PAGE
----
KWANZA \KWAHN.zuh\ n. the basic monetary unit of Angola, pl. -S
WAMPUM \WOM.pum\ n. beads made from shells and used as a trading currency with natives in some parts of colonial North America
Wampum consisted of two types of beads, one colored white and the other purple. The white beads were made from WHELK shells, while the rarer and more valuable purple beads were made from QUAHOG (also QUAHAUG, QUOHOG or COHOG) clam shells.
In colonial New York, for example, one Dutch STUIVER (also STIVER) was valued at either 8 white wampums or 4 purple wampums.
ARIARY \ar.ee.AR.ee\ n. the basic monetary unit of Madagascar
The Malagasy (that’s what you call anything relating to Madagascar) currency is one of only two non-decimal currencies in use world wide. Do you remember the other one?
The ariary is divided into five iraimbilanja. I haven’t put that one in upper case because it turns out not to be allowed in Scrabble. But that doesn’t mean we can’t look at one…
It seems a shame for such a Scrabbly looking word to be illegal, but let’s be honest, you never would have got to play it anyway.
Do you know what the horned fellow on both of the pictures above is called? He’s a ZEBU, which is a domesticated ox that is common in Madagascar. In fact, many Malagasy banknotes celebrate the endemic flora and fauna for which Madagascar is famous.
The 1000 ariary note depicts a cactus-like plant called a SISAL…
while the 2000 ariary note shows off the BAOBAB, famous for the fact that of its 8 known species, 6 can only be found in Madagascar…
One more Malagasy note I liked was the 5000 ariary, on which you’ll find a calming picture of a DHOW floating on the tranquil waters off Madagascar’s coastline…
THALER n. /TAH.lur/ an old coin with variants used throughout Europe for several centuries
Let’s start our little story with Jáchymov, a town in the Czech Republic, in a valley near its border with Germany. The town used to be called Sankt Joachimsthal, which translates literally as ‘Saint Joachim’s Valley’ (in Roman Catholic and Anglican traditions, among some others, Saint Joachim is considered to be the father of Mary, the mother of Jesus).
When silver was discovered in this town in the 1500s, a mint was set up and used to create silver coins, which they called Joachimsthalers. Eventually, the ‘Joachims’ bit was chopped off, and thaler was born. Apparently, a German spelling reform centuries later led to the variant TALER, although us English types ignored this mandate.
The thaler was so widely disseminated and popular that its name influenced that of many subsequent currencies, including the TOLAR (/TOLL.ar/), a Slovenian currency from 1991 until (like so many other Scrabbly coins) it was replaced by the Euro in 2007. The tolar was divided into a smaller unit called the STOTIN (with 100 stotins to the tolar). If you have five or more of these fellows, I bet you can’t guess what you call them…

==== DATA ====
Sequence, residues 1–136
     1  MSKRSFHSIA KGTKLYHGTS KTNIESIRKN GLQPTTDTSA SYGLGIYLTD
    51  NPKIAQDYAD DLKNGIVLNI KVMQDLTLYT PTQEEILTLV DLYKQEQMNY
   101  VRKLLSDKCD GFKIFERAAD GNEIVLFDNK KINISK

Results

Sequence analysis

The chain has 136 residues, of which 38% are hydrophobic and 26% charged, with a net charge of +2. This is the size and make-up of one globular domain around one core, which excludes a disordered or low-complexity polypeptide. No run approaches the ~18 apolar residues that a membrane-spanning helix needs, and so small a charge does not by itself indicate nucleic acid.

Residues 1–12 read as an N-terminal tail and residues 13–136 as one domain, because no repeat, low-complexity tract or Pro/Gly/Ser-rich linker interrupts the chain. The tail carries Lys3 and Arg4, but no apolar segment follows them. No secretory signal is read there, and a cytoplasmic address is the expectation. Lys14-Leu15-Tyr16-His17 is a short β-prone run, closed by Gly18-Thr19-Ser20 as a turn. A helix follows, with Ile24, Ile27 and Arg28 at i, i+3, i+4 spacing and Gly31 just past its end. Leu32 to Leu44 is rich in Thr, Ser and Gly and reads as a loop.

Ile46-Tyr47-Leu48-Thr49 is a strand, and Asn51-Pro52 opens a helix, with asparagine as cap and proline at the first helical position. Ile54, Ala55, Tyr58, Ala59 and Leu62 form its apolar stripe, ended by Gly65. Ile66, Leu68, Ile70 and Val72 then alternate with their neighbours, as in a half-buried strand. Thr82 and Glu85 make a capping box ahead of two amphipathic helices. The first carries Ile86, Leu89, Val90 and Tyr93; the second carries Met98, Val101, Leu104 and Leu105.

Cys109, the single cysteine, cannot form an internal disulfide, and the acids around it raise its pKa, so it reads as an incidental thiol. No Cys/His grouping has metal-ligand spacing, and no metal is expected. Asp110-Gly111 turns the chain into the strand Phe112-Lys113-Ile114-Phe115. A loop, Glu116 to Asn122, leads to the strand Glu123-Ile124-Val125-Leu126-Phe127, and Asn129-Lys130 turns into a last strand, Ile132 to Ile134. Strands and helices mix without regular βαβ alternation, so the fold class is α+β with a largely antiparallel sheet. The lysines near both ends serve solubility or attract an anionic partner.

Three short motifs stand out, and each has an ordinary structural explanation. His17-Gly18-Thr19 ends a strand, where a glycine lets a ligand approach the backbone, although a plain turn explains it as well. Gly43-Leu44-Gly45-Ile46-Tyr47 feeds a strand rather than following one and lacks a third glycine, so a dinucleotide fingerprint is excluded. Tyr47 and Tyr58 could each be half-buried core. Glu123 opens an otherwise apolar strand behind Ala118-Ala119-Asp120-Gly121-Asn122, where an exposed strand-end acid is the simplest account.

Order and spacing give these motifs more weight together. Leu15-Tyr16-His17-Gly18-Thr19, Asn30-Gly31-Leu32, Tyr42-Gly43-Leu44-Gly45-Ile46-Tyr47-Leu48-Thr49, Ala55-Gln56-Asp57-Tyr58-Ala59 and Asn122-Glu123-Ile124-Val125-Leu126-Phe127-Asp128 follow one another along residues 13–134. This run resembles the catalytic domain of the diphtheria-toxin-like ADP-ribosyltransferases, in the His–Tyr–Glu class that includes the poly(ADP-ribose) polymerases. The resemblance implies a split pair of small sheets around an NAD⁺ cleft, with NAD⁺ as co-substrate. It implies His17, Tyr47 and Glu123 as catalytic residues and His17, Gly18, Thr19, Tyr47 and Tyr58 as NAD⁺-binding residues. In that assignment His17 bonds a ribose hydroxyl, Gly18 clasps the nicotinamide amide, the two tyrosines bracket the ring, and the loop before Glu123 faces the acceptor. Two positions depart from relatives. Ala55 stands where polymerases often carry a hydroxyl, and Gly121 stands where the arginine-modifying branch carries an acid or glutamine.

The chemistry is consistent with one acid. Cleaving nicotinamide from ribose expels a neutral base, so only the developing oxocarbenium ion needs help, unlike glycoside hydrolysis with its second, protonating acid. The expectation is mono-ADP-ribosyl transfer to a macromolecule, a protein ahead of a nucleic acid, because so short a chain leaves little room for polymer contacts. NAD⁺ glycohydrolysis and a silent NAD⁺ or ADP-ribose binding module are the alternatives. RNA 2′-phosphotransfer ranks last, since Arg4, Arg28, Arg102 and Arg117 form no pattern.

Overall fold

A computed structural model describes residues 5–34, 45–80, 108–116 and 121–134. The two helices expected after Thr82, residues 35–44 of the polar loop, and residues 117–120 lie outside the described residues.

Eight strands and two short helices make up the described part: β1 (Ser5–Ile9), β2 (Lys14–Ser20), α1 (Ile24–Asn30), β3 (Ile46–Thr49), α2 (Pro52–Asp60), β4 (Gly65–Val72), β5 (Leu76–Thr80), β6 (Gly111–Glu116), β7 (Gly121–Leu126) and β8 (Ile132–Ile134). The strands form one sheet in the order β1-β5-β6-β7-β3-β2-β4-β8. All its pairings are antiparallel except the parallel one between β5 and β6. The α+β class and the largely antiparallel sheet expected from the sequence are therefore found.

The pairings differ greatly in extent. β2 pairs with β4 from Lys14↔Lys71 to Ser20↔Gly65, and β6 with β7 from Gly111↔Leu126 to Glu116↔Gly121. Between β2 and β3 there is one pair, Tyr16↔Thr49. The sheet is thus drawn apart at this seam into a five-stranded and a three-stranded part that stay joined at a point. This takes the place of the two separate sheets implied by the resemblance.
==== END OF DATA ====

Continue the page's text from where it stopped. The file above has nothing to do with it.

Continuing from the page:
Yup, that’s right. TOLARJEV. That will be one million points thanks grandma!
Now, the more observant among you may have twigged onto something interesting: tolar sounds a bit like dollar. And that’s because they both originate from today’s word! Linguists call pairs like tolar and dollar COGNATES. But that’s another story altogether.
ORIOLE /OH.ree.ole or OH.ree.el/ n. a tropical American songbird
The oriole, by which people usually mean the ‘New World’ oriole, is the common name for a large group of birds belonging to the genus Icterus. Interestingly (for some of us at least) ICTERUS is allowed in Scrabble because of its other medical meaning of ‘jaundice’. This fact is doubly interesting because apparently (i.e. don’t take my word for this) the oriole was so-named because, according to Pliny, the sight of one was capable of curing jaundice.
The oriole comes in about 25 flavors (well, species to the taxonomist, but I’m a bit peckish right now). The tasty specimen I’ve singled out in the picture above is called the TROUPIAL (or TROOPIAL if you don’t quite have the right letters), which is the national bird of Venezuela. (The troupial is renowned for being a ‘nest pirate’, but I won’t offend my Venezuelan fans by assuming that’s why they chose it.)
Other birds with fun names that are close cousins of the oriole include the BOBOLINK, the GRACKLE, the COWBIRD, and the high-scoring CACIQUE.
P.S. For Collins/CSW/SOWPODS players, you also get to enjoy playing ICTERID (a member of a family of birds encompassing the orioles) and LORIOT (the golden oriole).
WEAKON n. a type of particle responsible for mediating the so-called weak interaction in particle physics
I wrote a bit of background on these particles recently here.
Anagram of AWAKEN
ALGOID adj. relating to or resembling algae
Example: “Standing with our backs to the flow, and hooking the heels of our wellies over the upstream edge of the concrete to avoid being swept away, we would slowly shuffle sideways across the weir, on our insteps, inches at a time, whilst trying desperately not to slip on the slimy algoid surface, and ignoring the splashes that made it inside our boots.”
Anagram of DIALOG
CORBAN /KOR.ban/ n. an offering to God in fulfillment of a vow
The picture above shows the Hebrew word corban etched into stone along with drawings of two pigeons which were presumably used as a biblical sacrifice.
Example: “After this he (Pilate) raised another disturbance, by expending that sacred treasure, which is called corban, upon aqueducts, whereby he brought water from the distance of four hundred furlongs”
Anagram of CARBON